Linen Care

Linen is an authentic and beautiful textile whose fibers are natural and becomes softer after washing and overtime. To gain the benefits of linen and avoid damage, follow the guidlines down below. 

How to wash linen clothing?

Linen items can be both hand washed and machine washed - either of these methods are fine and won’t stretch or shrink your linens

Because linen clothing is more detailed and structured than, for example, linen sheets or duvet covers, it requires extra attention when washing.

Machine wash:
1. Separate white, dark, and colored linens. For best results, wash separately from other fabrics.
2. Wash in lukewarm water (<40°C/104°F). High temperatures may cause shrinkage of up to 10% and weaken the linen fiber.
3. Use the gentle machine cycle and don’t overload your washing machine.
4. Use mild detergent formulated for delicate fabrics. Don't bleach.


Hand wash:
1. Fill a small container (bucket or sink) with lukewarm water and add about a teaspoon of mild detergent.
2. Submerge the linen garment in lukewarm water and let it soak for about 10 minutes.
3. Gently swish the item around. Don’t wring, twist or scrub as it can stretch the fabric.
4. Drain the soapy water and rinse repeatedly until the soapy residue is all gone. Hang to dry.


Related Questions

Removing stains from linen

The main rule to removing stains off of linen is doing it as soon as they emerge. If you let dirt, oil, grease, and other stains sit, they will absorb deep into the fiber making removal a troublesome task.

If you have a minor spot, try soaking it in a water-detergent solution or washing it with club soda. If that doesn’t help, you can use some dish soap and gently massage it until the dirt comes out, then wash as you usually would. Some stains are trickier and might come off by sprinkling baking soda and a few drops of vinegar onto the fabric, then blotting with a paper towel to soak up the moisture.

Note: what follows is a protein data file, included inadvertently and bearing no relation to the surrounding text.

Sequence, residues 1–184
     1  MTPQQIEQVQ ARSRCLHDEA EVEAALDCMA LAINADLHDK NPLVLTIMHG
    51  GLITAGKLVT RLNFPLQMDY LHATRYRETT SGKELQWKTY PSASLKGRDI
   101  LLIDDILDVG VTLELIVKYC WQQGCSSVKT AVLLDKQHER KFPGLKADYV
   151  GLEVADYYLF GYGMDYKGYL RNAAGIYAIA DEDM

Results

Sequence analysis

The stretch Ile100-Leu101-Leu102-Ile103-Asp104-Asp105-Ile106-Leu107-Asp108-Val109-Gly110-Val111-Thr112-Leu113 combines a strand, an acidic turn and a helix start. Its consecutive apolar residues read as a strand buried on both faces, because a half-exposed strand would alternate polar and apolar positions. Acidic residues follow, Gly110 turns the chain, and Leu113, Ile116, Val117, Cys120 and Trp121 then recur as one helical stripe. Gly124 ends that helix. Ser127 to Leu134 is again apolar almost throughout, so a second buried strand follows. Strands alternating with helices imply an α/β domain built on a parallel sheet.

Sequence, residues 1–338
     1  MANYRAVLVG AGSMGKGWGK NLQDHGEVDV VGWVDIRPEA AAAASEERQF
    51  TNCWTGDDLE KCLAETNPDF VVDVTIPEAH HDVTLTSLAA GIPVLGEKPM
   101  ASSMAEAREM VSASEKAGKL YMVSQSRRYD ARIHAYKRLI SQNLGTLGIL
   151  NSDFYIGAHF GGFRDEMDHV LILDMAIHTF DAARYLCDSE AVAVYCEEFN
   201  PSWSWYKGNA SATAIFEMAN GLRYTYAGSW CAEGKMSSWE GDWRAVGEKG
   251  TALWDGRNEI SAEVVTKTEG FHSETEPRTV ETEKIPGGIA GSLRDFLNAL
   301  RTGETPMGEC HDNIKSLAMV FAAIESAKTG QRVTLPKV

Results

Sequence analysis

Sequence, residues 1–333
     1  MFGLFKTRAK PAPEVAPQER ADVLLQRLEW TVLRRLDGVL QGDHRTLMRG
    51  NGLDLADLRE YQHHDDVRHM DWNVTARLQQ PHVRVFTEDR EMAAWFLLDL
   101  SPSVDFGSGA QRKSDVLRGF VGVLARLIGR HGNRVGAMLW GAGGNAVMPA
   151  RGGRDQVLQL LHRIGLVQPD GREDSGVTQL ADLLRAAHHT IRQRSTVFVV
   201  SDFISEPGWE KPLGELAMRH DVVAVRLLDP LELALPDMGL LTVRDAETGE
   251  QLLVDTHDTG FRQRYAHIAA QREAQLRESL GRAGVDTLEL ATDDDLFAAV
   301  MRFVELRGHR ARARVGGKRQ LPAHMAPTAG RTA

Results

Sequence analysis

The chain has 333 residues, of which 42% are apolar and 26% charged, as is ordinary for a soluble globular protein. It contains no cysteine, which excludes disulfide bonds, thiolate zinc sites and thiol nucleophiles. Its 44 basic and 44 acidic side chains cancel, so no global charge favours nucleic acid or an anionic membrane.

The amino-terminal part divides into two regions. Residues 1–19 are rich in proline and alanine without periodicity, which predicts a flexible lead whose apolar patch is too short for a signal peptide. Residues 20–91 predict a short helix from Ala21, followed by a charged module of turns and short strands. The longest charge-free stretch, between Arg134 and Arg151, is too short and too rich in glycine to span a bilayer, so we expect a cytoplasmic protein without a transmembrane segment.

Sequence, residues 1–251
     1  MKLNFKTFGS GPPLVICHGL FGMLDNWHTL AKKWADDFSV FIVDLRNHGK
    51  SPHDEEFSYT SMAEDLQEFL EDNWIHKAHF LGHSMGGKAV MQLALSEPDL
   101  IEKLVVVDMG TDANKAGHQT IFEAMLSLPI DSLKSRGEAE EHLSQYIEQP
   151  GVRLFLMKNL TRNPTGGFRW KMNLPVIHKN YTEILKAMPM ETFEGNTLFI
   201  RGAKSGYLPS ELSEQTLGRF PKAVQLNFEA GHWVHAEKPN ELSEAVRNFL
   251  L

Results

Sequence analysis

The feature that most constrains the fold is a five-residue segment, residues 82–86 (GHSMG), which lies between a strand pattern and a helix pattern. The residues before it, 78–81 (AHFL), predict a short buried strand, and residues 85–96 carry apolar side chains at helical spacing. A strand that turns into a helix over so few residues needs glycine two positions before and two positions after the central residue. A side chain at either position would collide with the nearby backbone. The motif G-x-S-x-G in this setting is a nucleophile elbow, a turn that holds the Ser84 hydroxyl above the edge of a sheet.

Drying linen

There are a few methods to choose from for drying your linen and prevent creasing to your garments. First, begin by washing linen clothing in plenty of space.

Pre-washed linen items can be easily machine (tumble) dried on low heat. Remove from the dryer when they’re slightly damp and hang or lie flat immediately to finish the process.

Air drying is another great option that saves on electricity and adds softness to the linen items. Line-dry your items or dry them flat on a white towel immediately after washing.

Bleaching linen

Not the best idea. Bleach and detergents with optical brighteners tend to weaken the fibers and may cause discoloration. If you’re dealing with a stain, please refer to the steps mentioned above.

Softening linen

Linen naturally gets softer with every wash, and stone washed linen should already be at its maximum softness. Fabric softeners (liquid or dryer sheets) weaken the fibers and coat them reducing their absorbency and moisture-wicking properties.

Ironing linen

Natural fibers like linen will wrinkle, crumple and crease, you just have to accept it.

However, if you really want an item pressed, use a medium-hot iron on the fabric while it’s still damp or overlay it with a damp towel. Never iron your linen fabric when it's dry, and be careful not to iron at too high of a temperature.

You may also opt for steaming linen fabric which is the safest option for removing wrinkles. An advantage to steaming your linen is you can do so while the garment is dry.

Storing linen

Make sure your linens are completely dry to avoid mildew. Natural fibers like linen need to breathe, so it’s best to store them in cool, dry, well-ventilated areas and away from direct sunlight. Avoid storing linen in plastic bags — choose linen bags or reuse old pillowcases.